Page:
The other motivation is the discussion about facts and figures we had in the past weeks. Unless you have been living in a cave for the past months (which might not a bad idea after all) you probably heard of Sars-Cov-2 and the Covid-19 disease. The current countermeasures put the society and the economy on a big strain. Lacking things to do people put a lot of effort into the analysis of infected persons, cured persons, patient deaths, and more widely available data. Even if you have the source of the data you are working with you still need to figure out how the measurement was done. Just because the unit fits you don’t have data sets that can be compared. You can still do a qualitative analysis, but you cannot predict the future with it. The Internet is full of epidemiological models with varying degrees of relations to reality. Getting scientific research is hard. Getting scientific sound results with severe time constraints is even harder. While most businesses run fine without academic research, the decisions in their are are often less critical than in health care (or climate research to mention a wildly unpopular topic). The companies running critical infrastructure are excluded to some extent. However event logs and history is full of decisions which might have been better informed if time travel was real.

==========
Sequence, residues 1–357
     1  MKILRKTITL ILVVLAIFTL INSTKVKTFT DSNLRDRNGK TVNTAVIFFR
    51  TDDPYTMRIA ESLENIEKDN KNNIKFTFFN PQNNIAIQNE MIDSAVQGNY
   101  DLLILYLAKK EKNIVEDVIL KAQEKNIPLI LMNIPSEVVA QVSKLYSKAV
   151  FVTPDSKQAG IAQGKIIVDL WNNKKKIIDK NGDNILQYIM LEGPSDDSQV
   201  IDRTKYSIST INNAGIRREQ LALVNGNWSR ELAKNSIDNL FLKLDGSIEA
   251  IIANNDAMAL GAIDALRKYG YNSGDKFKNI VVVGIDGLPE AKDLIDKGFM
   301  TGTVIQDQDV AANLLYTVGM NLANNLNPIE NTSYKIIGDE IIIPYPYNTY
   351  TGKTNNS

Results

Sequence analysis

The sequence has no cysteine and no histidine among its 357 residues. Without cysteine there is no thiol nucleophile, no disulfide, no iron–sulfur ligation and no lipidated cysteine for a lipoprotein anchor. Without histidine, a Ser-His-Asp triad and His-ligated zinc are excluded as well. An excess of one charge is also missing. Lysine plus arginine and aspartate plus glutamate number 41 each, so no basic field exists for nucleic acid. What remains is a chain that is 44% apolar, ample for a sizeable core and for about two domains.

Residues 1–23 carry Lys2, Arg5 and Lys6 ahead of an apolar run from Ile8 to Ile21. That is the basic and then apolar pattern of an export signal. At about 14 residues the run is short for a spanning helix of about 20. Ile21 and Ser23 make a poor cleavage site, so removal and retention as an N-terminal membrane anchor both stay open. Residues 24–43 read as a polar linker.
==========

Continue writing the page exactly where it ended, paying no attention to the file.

So to give you some kind of summary: Yes, we still like humour, and we still actively support (information security) researchers trying to point out critical flaws in code and design. No, we don’t want to say that things are difficult. They are, but that’s how we wanted it. We just skip making fun of stuff just because the calendar says so. Our calendar says that the call for paper is still open, so please consider submitting your research results for DeepINTEL and DeepSec.

The most important point is our reference on proper (data) science. Measurements only have meaning if you know how the data was obtained, what the error rates are, and how big your sample sizes were. No system administrator will consider your request if you claim that once upon a time in the past the latency between two points in the network was 623 milliseconds and the packet loss was about 23%. Keep this in mind when you read articles drawing highly complex conclusions from a couple of highly doubtful (or error prone) figures. That’s great for gaining followers. Reality just doesn’t work this way.

Status Update with regard to the current Sars-Cov-2 / Covid-19 Emergency

We wrote in an earlier blog article about the current Sars-Cov-2 / Covid-19 emergency. Mathematics and biology didn’t stop, so you (hopefully) live in an area with restrictions regarding crowds and place where people can’t keep a safe distance. We, the organisation team of DeepSec, are in close contact with peers, members of the community, and reliable sources of information regarding countermeasures by the Austrian government.